Monday, January 25, 2010

All Hail Our Beloved Chinese Masters!

There's been plenty of back and forth about the recent Supreme Court decision permitting corporations to directly support or oppose candidates for political office. Some folks, mostly libertarians and conservatives, argue that preventing corporations from engaging in this sort of activity represents a violation of the First Amendment. If a business is prevented from supporting or opposing someone, and cannot run ads directly attacking or lauding that individual, then the rights of the owners and directors of that corporation are being violated.

Or so the argument goes.

Yesterday, while passing some time in good meaty political discussion with a church deacon, I realized that there was an element to this whole thing that I had not previously considered.

American corporations are not individuals, sure. They wield far more power and influence. But they are also increasingly not American. We do not live in an age when the interests of business play out on a local or national level. This is, as anyone who pays attention should have realized by now, the era of market globalization. For all of our jabbering about the importance of small business, business does not now exist on a primarily local level. It exists across national boundaries. Because of this, ownership of corporate entities in the United States does not stop at our borders. One does not have to be a citizen of this nation to own or govern an entity incorporated here. So what does that mean?

Let's for a moment imagine the 2012 race for the presidency of the United States of America. One candidate strongly favors pressing China more aggressively on their approach to human rights, and wants the United States to begin weaning itself from foreign oil. Following this last week's Supreme Court decision, there is no impediment to corporations that exist as subsidiaries of the Chinese government from throwing as much money as they want into attack ads against that candidate. There is nothing to prevent Aramco and Citgo from doing exactly the same thing.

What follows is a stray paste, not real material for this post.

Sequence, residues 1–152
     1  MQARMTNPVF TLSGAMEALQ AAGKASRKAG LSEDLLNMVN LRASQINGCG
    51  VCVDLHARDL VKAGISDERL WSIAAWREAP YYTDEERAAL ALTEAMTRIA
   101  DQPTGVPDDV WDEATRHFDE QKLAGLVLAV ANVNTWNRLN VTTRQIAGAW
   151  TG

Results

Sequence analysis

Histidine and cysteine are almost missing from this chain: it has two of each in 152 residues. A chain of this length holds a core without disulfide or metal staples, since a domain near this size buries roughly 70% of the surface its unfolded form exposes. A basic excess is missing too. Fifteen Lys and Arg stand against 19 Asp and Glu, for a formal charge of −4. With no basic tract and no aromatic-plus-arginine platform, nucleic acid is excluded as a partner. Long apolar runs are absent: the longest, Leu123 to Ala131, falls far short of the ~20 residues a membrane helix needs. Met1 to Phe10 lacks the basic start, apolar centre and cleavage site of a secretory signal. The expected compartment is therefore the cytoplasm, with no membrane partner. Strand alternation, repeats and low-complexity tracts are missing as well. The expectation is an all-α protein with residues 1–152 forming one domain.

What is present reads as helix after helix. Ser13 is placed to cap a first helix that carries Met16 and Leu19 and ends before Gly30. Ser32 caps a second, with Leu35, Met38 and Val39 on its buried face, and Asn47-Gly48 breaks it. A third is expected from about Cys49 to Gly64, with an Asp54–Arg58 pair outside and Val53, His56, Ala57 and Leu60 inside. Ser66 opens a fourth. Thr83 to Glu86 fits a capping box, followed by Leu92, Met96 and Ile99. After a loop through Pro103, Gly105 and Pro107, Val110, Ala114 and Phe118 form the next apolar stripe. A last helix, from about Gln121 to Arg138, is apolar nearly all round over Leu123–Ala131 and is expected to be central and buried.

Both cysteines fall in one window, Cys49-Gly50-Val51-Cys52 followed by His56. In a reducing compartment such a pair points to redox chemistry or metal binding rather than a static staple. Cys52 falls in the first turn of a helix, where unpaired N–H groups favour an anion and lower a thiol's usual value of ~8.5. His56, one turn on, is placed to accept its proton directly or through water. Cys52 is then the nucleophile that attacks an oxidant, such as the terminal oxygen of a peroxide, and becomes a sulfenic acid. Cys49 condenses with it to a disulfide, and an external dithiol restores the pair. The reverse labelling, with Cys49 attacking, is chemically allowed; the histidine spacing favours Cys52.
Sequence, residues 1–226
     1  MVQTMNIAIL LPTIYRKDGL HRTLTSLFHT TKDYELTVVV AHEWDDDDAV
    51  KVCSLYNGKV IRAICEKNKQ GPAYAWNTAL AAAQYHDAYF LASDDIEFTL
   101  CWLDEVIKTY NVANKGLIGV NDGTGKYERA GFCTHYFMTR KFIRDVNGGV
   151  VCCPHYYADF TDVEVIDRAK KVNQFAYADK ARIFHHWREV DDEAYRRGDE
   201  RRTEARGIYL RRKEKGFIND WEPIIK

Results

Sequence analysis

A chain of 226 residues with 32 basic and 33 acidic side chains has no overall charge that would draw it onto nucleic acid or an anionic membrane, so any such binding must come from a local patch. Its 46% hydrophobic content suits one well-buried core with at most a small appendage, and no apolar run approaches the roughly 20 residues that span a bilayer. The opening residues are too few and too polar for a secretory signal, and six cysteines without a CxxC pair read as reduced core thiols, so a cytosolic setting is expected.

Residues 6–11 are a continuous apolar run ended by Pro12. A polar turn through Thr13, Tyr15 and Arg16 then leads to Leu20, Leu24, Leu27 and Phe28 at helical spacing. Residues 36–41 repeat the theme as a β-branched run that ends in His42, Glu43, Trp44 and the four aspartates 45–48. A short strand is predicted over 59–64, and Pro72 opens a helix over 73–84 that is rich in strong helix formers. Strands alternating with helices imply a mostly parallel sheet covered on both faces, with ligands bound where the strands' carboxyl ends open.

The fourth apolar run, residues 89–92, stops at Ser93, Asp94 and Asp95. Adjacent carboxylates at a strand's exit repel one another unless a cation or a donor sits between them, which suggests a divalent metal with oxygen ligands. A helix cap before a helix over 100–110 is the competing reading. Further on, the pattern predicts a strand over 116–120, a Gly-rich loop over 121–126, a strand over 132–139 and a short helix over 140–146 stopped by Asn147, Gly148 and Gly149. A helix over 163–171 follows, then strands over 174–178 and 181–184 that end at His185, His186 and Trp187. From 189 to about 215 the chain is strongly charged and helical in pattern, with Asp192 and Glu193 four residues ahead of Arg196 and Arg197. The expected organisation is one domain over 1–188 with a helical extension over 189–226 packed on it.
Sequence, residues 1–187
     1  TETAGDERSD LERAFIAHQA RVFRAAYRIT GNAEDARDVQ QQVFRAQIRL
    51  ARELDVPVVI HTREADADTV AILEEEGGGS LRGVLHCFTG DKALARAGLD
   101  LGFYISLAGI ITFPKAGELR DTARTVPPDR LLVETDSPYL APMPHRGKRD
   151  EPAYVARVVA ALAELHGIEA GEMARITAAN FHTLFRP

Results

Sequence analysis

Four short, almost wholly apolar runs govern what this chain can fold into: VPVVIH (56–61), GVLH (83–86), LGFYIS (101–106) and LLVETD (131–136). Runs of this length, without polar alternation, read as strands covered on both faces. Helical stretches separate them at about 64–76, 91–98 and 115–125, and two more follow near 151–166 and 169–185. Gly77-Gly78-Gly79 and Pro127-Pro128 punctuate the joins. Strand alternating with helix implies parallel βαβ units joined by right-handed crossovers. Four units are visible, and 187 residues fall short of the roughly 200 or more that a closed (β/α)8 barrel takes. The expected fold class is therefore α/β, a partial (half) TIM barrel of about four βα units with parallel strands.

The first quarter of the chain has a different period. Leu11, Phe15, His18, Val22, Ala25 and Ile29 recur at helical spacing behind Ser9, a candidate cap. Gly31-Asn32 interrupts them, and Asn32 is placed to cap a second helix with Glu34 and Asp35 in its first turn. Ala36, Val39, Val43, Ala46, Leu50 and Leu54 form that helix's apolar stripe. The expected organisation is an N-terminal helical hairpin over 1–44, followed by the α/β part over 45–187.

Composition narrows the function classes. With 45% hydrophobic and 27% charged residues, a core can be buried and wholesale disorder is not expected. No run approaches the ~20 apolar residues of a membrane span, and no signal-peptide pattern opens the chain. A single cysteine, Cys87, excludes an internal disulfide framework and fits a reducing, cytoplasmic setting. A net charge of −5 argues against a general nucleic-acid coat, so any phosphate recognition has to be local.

Sure, nonprofits and associations can try to do the same. But they're drops in the bucket. Wealth is power, and an immense imbalance of power that has been created here. Sure, there have been periods in the history of the United States when business has been a governing power in the affairs of state. But the dynamics of the marketplace in the 1890s were still mostly national in scope, and the interests of the robber barons were at least tangentially linked to the interests of this nation. They were, at a bare minimum, citizens. In 2010, wealth is radically global...and the most powerful corporations no longer see their interests tied to those of this particular nation.

I'm not alone in noticing this. E.J. Dionne pitched out a very similar theme this morning. But most human beings only see what is right around them. We are compulsively parochial little critters. In a nation that is soon to be ruled not by citizens, but by the power of multinational corporations, that lack of a broader vision will bear predictable fruit. We have already allowed multinational corporations to strip this nation of it's productive capacity, which even our enemies recognized as our greatest strength. Now, they will dominate our political discourse.

But I hear that Octomom has a new bikini bod. That makes it all better.

5 comments:

  1. Our nation is "soon to be ruled... by the power of multinational corporations"? As opposed to the current scheme in which public opinion against bank bailouts effectively blocked the allocation billions of dollars?

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  2. @ newworldview: Things have been headed incrementally that way for quite a while, but this makes it rather more direct.

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  3. Here's the "official" opinion on the SCOTUS ruling you're talking about:

    http://www.supremecourtus.gov/opinions/09pdf/08-205.pdf

    I, for one, would like to see money removed from the political process altogether, whether private or public. I disagree with your opinion on wealth having so much power. It would seem that presently speaking the State has the more substantive power (seizure of lands and property, imprisonment, levying of taxes whether 'neccessary' or not, etc).

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  4. One could argue that this has been the plan all along, plotted long ago by the Rothchilds and Bilderbergers to create a New World Order of global governance by the elite...

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  5. @ Jonathan: Wealth *is* power. Well, a societal proxy for power, but it serves that same function. Both allows you to assert your will into the world. Both can be used to coerce. Mammon and the sword are ultimately not all that different.

    @ puritan: Only if they have family living in a gated community outside of Shenzen.

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